Money on the Move: March 31 – April 6
April springs up with showers of cash for these life sciences companies.
No weakness could cut off this biotech’s IPO plans. Achilles closed its IPO this week with a fresh $175.5 million. Building T-cell therapies unique to each patient’s tumor, the company has its lead drug now in the clinic, testing in non-small cell lung cancer. Approval has also been given for a melanoma trial for the drug. The IPO funds will push ATL001 further along in the clinic and bring more of its pipeline along the same route.
Genome-engineer Inscripta had a big week with the first commercial buyer of its Onyx CRISPR gene-editing platform alongside the closing of a $150 million Series E financing round. According to Inscripta, Onyx is “the world’s first benchtop system for scalable digital genome engineering and consists of a benchtop instrument, consumables, software and assays.” The platform aims to bring CRISPR gene-editing technology to scientists everywhere. The VC round will support efforts to grow the company and further develop its technology and widen distribution.
Entrenched in intracellular delivery of biologics, Entrada scooped up $116 million in Series B financing. to advance a pipeline of intracellular oligonucleotide, antibody and enzyme-based therapeutics. Included are several oligonucleotide programs for neuromuscular disease with a Duchenne muscular dystrophy candidate in the lead. Entrada’s proprietary platform, Endosomal Escape Vehicle, will also be expanding beyond neuromuscular into additional areas of need.
California-based Scribe jots down another $100 million Series B on the books just six months after recording a $20 million Series A. Founded alongside Nobel Prize winner Jennifer Doudna, Ph.D., the CRISPR pioneer, Scribe will utilize the funds to support gene editing and delivery tech while propelling treatments in the pipeline for neurodegeneration and other disease. Scribe engineers CRISPR molecules like a good baker makes bread – from scratch. This addresses safety, efficacy and off-target effects seen in traditional CRISPR. The pipeline is still in discovery stage so details are scant, but areas it could be useful are neurological disease, genetic forms of blindness, blood disorders and more. Scribe scored the #18 spot on BioSpace’s NextGen Bio “Class of 2021” list.
Hoping for a shower of cash, Rain filed for a $100 million IPO last Friday. Last year the biotech tripled its pipeline, including in-licensed RAIN-32 from Daiichi Sankyo. RAIN-32, previously completed Phase I testing in patients with solid tumors or lymphomas. The influx of cash will support a pivotal Phase III trial in liposarcoma, which Rain intends to launch this year, plus two more Phase II trials in solid tumors and intimal sarcoma, respectively.
Backed by PayPal’s Peter Thiel, three-year-old Alloy closed a $75 million Series C to advance platforms to turn ideas into biological medicines. Just as two metals are combined to make a strong, better metal alloy, this biotech is building an “ecosystem of collaboration across the biopharma community to reduce the barriers of translation and make better medicines together.” Alloy democratizes access to tools and technologies through its over 70 partners and its ATX-Gx platform for human antibody discovery. This week’s proceeds will extend the platforms and services into adjacent biologic modalities and expand Alloy’s global reach.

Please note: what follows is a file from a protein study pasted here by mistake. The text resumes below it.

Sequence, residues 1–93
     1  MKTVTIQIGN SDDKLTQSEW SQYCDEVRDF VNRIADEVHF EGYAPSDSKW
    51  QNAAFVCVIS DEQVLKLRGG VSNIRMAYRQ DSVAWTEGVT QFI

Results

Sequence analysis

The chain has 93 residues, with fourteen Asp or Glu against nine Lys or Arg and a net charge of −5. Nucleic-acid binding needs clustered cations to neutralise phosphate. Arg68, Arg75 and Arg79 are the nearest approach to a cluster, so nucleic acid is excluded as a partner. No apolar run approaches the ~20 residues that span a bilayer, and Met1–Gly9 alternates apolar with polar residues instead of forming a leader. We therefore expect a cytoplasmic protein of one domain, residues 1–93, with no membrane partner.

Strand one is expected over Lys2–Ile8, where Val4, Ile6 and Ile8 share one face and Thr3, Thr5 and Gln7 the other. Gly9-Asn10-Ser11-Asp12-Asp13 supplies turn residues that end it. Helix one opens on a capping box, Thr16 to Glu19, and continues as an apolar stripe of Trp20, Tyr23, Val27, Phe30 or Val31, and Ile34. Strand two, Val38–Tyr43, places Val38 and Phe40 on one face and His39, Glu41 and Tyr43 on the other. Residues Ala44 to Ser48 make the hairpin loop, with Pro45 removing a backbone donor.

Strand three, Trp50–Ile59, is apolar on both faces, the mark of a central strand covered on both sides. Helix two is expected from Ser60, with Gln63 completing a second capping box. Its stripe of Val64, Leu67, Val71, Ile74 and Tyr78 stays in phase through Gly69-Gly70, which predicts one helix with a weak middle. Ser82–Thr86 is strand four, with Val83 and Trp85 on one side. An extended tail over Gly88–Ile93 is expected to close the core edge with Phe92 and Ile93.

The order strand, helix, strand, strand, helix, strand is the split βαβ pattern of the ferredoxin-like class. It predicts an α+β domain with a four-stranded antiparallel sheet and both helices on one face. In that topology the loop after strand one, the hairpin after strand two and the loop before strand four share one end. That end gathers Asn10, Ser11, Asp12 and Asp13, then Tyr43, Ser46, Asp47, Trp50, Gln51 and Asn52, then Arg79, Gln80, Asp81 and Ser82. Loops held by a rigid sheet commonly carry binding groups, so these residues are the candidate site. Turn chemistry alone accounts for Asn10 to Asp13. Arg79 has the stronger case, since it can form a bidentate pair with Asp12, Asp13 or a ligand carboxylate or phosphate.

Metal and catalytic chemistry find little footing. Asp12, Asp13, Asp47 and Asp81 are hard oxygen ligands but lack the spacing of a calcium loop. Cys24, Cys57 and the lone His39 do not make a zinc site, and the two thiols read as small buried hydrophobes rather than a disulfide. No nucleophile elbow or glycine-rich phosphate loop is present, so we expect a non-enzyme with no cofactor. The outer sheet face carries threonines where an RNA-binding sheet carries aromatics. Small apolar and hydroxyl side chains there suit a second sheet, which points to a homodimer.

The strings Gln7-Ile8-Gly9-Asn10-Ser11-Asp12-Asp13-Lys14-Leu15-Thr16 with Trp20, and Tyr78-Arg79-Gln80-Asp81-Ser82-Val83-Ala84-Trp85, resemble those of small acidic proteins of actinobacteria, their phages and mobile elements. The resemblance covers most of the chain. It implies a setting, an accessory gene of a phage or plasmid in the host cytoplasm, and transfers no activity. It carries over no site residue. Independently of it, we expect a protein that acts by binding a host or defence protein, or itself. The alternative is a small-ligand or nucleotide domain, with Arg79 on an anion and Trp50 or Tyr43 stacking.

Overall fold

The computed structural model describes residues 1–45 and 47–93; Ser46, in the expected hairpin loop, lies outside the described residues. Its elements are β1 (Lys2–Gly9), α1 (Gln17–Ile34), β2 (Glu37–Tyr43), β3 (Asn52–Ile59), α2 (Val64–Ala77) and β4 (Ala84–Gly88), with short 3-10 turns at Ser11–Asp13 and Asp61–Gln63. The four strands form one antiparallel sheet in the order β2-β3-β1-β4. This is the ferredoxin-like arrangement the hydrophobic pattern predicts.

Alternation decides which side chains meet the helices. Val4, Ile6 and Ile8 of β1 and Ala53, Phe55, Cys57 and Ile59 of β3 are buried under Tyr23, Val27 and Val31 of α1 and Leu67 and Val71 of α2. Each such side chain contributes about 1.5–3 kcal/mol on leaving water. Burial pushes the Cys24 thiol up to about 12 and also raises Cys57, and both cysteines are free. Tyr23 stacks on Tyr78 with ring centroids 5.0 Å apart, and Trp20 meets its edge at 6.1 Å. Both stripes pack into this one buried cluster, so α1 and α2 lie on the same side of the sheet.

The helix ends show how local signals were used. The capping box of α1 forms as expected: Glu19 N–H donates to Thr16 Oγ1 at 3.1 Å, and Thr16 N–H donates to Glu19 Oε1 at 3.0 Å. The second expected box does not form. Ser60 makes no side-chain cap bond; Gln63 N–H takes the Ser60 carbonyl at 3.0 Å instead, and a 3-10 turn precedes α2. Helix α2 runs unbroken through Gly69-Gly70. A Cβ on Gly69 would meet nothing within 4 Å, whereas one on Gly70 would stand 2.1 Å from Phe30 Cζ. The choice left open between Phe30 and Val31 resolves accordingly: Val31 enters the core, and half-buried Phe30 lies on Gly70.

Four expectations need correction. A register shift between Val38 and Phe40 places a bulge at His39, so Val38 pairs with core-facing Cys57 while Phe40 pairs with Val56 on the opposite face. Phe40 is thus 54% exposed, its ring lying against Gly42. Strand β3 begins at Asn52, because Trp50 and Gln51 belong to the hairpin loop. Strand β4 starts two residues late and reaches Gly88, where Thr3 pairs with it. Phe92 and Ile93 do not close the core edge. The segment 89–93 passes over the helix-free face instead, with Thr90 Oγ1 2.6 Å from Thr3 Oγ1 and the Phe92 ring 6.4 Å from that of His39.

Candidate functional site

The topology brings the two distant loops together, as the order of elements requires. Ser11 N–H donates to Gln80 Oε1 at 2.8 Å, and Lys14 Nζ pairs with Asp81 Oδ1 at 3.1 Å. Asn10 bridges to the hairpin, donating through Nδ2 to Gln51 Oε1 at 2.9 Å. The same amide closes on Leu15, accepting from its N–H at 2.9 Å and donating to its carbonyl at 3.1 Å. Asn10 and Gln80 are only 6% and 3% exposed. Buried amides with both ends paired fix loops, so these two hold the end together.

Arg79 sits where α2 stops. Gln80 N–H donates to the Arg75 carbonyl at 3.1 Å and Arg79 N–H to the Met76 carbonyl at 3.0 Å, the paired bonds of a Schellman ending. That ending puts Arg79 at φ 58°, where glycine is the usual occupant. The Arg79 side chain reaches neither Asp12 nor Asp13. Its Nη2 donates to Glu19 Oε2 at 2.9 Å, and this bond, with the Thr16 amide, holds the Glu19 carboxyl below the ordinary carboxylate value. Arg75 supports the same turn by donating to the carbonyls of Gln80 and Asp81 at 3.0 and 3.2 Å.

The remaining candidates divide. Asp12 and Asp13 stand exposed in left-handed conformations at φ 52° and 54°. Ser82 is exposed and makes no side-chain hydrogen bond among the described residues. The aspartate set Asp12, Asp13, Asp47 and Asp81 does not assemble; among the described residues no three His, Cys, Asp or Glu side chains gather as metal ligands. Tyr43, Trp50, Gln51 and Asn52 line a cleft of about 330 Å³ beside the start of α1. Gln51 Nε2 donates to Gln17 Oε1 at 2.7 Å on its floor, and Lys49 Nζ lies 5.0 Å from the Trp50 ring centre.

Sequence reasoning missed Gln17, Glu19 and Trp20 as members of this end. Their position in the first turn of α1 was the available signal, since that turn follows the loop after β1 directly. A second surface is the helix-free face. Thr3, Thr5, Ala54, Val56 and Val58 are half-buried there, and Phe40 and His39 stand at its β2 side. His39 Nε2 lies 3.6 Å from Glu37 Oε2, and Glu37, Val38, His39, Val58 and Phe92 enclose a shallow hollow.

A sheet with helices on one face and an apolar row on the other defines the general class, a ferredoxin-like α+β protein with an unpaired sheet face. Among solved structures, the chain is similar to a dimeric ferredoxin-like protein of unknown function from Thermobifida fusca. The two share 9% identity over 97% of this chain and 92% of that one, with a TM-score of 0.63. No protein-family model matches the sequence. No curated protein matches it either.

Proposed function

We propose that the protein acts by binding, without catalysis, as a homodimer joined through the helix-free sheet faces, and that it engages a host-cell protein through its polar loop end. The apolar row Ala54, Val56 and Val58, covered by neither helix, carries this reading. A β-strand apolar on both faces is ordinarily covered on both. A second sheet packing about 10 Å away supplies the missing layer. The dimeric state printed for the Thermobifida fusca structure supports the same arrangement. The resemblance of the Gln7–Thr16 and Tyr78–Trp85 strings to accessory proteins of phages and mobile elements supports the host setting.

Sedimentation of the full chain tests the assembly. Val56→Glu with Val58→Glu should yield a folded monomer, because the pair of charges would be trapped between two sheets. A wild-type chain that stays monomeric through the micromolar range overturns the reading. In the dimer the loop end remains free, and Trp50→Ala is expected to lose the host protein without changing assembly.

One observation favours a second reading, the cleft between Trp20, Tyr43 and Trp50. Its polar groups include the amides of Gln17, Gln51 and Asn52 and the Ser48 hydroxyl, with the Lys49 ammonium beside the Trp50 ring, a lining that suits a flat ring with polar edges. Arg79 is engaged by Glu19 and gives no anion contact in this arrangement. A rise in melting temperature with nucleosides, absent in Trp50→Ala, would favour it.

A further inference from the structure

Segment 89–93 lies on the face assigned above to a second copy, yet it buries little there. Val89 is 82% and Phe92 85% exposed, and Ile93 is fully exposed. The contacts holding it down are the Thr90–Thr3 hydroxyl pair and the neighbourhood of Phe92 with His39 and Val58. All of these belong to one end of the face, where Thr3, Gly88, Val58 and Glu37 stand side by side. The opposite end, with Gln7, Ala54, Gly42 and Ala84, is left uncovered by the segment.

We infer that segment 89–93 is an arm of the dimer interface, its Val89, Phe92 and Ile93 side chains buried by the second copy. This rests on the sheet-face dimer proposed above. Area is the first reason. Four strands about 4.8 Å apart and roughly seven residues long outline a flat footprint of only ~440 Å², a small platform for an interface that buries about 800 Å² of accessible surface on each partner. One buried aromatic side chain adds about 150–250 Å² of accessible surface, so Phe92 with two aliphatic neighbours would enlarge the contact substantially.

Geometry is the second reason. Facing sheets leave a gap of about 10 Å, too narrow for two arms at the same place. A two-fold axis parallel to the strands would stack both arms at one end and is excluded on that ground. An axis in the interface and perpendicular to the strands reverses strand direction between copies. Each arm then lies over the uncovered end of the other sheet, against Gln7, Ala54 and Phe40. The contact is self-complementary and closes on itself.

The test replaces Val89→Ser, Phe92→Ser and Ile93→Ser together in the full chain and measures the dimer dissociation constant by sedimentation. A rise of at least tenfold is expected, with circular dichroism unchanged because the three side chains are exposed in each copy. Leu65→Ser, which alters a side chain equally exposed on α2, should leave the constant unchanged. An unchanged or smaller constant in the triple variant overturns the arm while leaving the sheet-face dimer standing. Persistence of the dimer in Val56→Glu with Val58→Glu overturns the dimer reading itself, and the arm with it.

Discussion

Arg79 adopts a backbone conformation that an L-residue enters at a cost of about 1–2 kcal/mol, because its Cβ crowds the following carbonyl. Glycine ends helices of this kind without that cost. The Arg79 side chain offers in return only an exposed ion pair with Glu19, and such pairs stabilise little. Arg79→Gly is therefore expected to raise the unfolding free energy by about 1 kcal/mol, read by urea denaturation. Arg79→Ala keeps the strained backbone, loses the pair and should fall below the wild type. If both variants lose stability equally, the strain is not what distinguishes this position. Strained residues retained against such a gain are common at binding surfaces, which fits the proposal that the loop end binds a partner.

Oncology startup Volastra made waves this week, inking a deal with Microsoft and upping its seed funding round from $12 million to $44 million. The deal is to develop unique digital pathology tools for oncology. The additional funds will support the continued build-out of Volastra’s technology platform, which exploits unique insights into chromosomal instability (CIN) to rapidly identify and validate novel targets to block metastasis. The financing will advance Volastra’s “bold vision to change the treatment paradigm for patients with metastatic cancers.” In the US alone, 350,000 patients are diagnosed with metastatic cancer.
Philly-based Mineralys launched with a $40 million Series A after the FDA accepted the biotech’s app for Phase II proof-of-concept testing for its lead asset, MLS-101. Targeting hypertension, the aldosterone synthase inhibitor was in-licensed from Mitsubishi Tanabe Corporation and has previously been shown to lower plasma levels of aldosterone in a Phase I safety and tolerability study in healthy people. Aldosterone has been proven to play a leading role in a minimum of 30% of hypertension cases. Funds raised will take MLS-101 through the clinical trial phase.
Discovering antibodies from patients who respond well to cancer immunotherapies, OncoResponse roped in over $40 million to advance its lead antibody to the clinic. OR2805 is in development for multiple tumor types. “OR2805 was derived from a cancer patient who had an exceptional response to anti-PD-1 therapy and relieves the immunosuppressive effect of macrophages found in the [tumor microenvironment] to promote tumor killing by T cells,” CEO Clifford Stocks said. “We will be entering clinical studies in multiple tumor types later this year.”
In support of its Phase II onco-dermatology trial, OnQuality raised $20 million in Series A+ funding. OnQuality’s lead candidate, OQL011 is the first targeted cancer supportive care therapy for VEGFRi-associated Hand Foot Skin Reaction (HFSR), a severe side-effect that causes severe skin rashes on the hands and feet. The topical ointment targets the VEGFR inhibitor-associated toxicity in the skin, blocking selected pathways to restore normal VEGFR signals in the hands and feet. Funds should provide for a later-stage trial and advance other pipeline candidates.